Watching the Red Bull Air Race with the HoloLens

By Asavin Wattanajantra

Red Bull is one of the biggest brands in the world. The pioneer in energy drinks has fingers in everything, associating its brand with a huge number of people, teams and events. The scope of its activities is genuinely overwhelming. Red Bull is also innovative, working with a digital agency called REWIND, which among other things, worked with Jaguar on a VR project, as well as Paramount studios for a Ghost in the Shell VR project.

REWIND is also a member of the HoloLens Agency Readiness Partner Program – and the Microsoft HoloLens is key to what REWIND has done with the Red Bull Air Race. One of the most exciting events on its calendar, it's an international competition that involves competitors navigating a plane through a challenging obstacle course. Red Bull had worked with REWIND previously on an Oculus Rift VR project, allowing users to do 360° barrel rolls in a VR plane cockpit. This meant that it had all assets needed for HoloLens production.

In a crowd, the race is very far way – we don’t get close to the planes. It's a sport with lots of complicated rules and high safety standards, arguably better seen on TV, and this is what is key to why Red Bull decided to work with the HoloLens. HoloLens holograms lock in one place, wherever you look, and that’s why REWIND’s work is so effective.

Watching a Red Bull race on the HoloLens

With REWIND’s HoloLens Red Bull Air Race app, you can see a mini version of a plane as a hologram in front of you, where you can explore its speed and power. You can also see a race in front of you from anywhere in the world, with this mini holographic plane flying through the gate pylons that make up a Red Bull Air Race route. With world-scale, you can also land a full-sized plane in your room (if it fits!), complete with its 7m wing span, open the canopy, and peer inside.

However, what’s even more impressive is the ability to use the HoloLens during a live race as the HoloLens user watches on TV. As the race starts, the mini plane in front of the user is driven by telemetry data from the real plane. You can even choose the pilot you want to see race. REWIND also developed an app which can be hooked up to a PC, that allows the HoloLens user to see graphic packages as an overlay on the TV they are watching.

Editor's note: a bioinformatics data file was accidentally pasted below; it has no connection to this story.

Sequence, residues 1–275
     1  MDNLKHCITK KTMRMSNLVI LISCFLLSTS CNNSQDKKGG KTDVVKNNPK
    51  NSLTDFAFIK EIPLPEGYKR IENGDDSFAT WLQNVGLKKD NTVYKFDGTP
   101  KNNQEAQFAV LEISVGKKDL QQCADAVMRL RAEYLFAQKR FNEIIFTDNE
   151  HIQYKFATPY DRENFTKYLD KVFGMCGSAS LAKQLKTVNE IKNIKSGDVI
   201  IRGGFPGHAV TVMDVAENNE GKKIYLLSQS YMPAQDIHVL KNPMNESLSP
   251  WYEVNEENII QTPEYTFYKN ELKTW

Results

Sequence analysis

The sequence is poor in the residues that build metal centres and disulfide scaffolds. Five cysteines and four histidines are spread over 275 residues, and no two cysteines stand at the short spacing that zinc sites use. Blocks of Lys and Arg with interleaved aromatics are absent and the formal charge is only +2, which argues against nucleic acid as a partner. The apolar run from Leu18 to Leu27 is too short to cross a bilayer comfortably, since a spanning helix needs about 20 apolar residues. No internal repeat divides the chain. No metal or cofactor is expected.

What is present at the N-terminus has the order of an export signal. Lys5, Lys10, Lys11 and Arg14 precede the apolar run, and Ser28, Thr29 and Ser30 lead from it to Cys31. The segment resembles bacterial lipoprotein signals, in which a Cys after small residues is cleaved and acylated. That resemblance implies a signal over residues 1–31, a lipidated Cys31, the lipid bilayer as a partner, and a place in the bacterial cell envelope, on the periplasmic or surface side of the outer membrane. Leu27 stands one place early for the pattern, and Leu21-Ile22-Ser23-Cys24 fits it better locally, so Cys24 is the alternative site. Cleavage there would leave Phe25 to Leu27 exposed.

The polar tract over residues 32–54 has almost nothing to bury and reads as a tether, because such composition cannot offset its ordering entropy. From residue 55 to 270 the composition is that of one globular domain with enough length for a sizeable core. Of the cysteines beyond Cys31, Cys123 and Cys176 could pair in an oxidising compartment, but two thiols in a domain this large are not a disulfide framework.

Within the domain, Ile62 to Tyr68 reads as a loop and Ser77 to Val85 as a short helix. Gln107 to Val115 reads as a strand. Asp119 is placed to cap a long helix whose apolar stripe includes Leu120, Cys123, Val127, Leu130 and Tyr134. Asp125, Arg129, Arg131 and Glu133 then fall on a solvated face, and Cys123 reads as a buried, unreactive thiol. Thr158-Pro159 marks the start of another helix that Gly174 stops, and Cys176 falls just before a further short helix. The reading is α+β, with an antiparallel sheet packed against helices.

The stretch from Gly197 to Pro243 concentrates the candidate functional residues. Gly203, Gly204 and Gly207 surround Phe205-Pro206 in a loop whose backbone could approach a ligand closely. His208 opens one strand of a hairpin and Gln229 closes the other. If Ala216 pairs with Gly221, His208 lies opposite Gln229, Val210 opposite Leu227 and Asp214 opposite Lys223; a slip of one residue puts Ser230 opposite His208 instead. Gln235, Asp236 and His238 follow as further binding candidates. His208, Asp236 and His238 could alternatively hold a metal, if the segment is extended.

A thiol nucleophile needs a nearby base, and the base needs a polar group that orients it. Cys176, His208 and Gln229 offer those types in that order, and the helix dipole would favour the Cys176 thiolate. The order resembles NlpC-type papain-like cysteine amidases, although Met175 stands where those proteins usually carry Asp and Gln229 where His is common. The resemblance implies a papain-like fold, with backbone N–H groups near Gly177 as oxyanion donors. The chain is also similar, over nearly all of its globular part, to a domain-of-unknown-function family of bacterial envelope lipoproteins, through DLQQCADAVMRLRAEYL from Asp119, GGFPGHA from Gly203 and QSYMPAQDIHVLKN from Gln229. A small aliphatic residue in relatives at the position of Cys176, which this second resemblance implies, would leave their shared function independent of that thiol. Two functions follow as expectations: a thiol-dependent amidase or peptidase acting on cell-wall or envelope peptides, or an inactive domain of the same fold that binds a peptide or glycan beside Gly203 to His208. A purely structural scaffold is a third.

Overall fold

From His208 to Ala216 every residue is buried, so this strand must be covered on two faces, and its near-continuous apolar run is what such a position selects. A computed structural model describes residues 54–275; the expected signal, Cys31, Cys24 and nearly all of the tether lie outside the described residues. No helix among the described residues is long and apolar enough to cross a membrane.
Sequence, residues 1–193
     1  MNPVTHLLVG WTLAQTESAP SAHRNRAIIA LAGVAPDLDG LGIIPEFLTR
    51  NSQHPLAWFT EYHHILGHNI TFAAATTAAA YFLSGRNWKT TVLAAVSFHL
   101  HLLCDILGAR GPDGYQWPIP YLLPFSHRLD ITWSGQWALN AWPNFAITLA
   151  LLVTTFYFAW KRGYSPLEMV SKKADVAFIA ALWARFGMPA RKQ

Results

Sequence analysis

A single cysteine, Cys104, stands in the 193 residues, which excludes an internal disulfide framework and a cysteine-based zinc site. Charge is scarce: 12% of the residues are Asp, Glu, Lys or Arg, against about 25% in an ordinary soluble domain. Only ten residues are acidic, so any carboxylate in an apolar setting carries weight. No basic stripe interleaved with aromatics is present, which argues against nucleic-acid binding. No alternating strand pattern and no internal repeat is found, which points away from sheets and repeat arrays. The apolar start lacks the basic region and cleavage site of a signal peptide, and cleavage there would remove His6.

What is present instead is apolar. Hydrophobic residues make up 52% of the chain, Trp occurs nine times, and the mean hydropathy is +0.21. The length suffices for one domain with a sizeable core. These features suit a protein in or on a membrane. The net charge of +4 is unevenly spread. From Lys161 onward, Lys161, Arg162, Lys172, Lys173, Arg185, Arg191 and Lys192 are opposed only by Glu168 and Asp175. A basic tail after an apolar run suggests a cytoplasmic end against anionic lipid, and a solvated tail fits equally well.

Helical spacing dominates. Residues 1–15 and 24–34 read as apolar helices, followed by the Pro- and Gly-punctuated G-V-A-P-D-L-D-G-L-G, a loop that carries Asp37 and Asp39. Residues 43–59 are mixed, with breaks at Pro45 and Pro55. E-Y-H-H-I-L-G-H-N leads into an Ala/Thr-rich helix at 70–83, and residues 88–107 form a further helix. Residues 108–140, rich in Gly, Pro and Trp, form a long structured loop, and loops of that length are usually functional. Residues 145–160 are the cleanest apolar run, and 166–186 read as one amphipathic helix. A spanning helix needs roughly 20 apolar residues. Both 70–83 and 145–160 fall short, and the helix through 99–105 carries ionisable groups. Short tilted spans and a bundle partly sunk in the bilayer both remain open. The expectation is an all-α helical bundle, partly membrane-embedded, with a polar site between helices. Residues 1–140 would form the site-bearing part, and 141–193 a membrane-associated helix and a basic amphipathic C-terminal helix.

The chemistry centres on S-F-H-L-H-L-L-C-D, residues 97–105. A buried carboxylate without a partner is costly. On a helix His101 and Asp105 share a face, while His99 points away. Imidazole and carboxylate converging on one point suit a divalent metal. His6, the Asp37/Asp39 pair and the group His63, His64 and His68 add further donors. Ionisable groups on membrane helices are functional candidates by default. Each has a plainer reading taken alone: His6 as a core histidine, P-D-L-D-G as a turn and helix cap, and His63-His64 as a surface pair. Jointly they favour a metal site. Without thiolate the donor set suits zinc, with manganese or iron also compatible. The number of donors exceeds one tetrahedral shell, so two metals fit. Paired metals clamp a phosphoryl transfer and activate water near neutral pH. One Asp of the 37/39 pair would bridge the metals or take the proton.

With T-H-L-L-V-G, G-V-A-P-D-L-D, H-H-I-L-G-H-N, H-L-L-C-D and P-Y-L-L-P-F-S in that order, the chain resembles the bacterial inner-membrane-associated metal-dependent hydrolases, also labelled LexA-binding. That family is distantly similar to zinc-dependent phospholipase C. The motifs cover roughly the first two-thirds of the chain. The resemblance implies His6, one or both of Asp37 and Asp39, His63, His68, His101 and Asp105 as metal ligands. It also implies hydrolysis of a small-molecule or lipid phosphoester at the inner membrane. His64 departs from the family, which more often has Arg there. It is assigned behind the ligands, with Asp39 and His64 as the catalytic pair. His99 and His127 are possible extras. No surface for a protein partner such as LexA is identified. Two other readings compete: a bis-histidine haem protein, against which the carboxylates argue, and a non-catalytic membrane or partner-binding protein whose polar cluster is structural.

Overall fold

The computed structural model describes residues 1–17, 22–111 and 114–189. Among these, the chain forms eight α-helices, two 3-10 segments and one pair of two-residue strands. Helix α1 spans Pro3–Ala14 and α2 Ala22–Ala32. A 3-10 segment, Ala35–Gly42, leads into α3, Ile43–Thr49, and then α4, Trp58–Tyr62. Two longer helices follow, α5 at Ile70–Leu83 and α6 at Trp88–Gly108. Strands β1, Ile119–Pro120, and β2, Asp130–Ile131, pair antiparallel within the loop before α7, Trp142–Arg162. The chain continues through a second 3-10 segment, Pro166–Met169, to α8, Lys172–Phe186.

You can also use the HoloLens on location at a Red Bull Air Race, with the user looking in the sky at the planes also seeing the mini plane in front of them.

How REWIND built the HoloLens app

REWIND started by storyboarding and scripting the experience, thinking about the user journey. The agency also created lots of concept art to show Red Bull where it was trying to get to. It also did extensive research on the plane, the routes they flew, and how to work with scale. And with the creation of the holographic experience – all the developers needed was one pylon, one plane, and a map.

REWIND SEO Sol Rogers said, “When you’re making virtual reality, you’re making an entire world where everything you see has to be created and generated. That’s a huge amount of work, but the amazing thing with holograms is that you’re only making an object, person, or character in your world. It’s a much faster development cycle than I was ever expecting.”

REWIND developed the HoloLens app in Unity, pulling together elements like branding, spins and dials, as well as assets – 70,000 polygons for the scene in total.  One aspect of development Rogers remarked on was the need to reduce draw calls and rigged animation – Rogers compared it to the Sony PlayStation 1 games development cycle.

Roger said, “There’s two mobile computers on your head with the HoloLens. There’s one side with the HPU, which is doing all the clever tracking. The CPU and GPU is on the other side of the device. You can play them off, asking one to work a little harder, but what it does is allow the HoloLens to have super-solid tracking where you can push the graphics as hard as you want.

“It’s a whole PC on your head – no wires and connected to the internet. The HoloLens knows every space you take it, because when you turn it on, it builds a geocache, which can be shared with other devices. If you and I both turn on our HoloLens, we see the whole universe.”

“There was also a lot of audio work, using the binary audio engine of the HoloLens. This means that when a plane lands behind the user, it actually feels like it’s flying behind you.”

REWIND has been mentored and evaluated by Microsoft, and is now one of three production partners in the UK. With the HoloLens, we could be seeing the future of live sport, and developers should certainly look at the possibilities.


For more information on the HoloLens, including in-depth development guides and tutorials, visit the developers section of the official HoloLens website.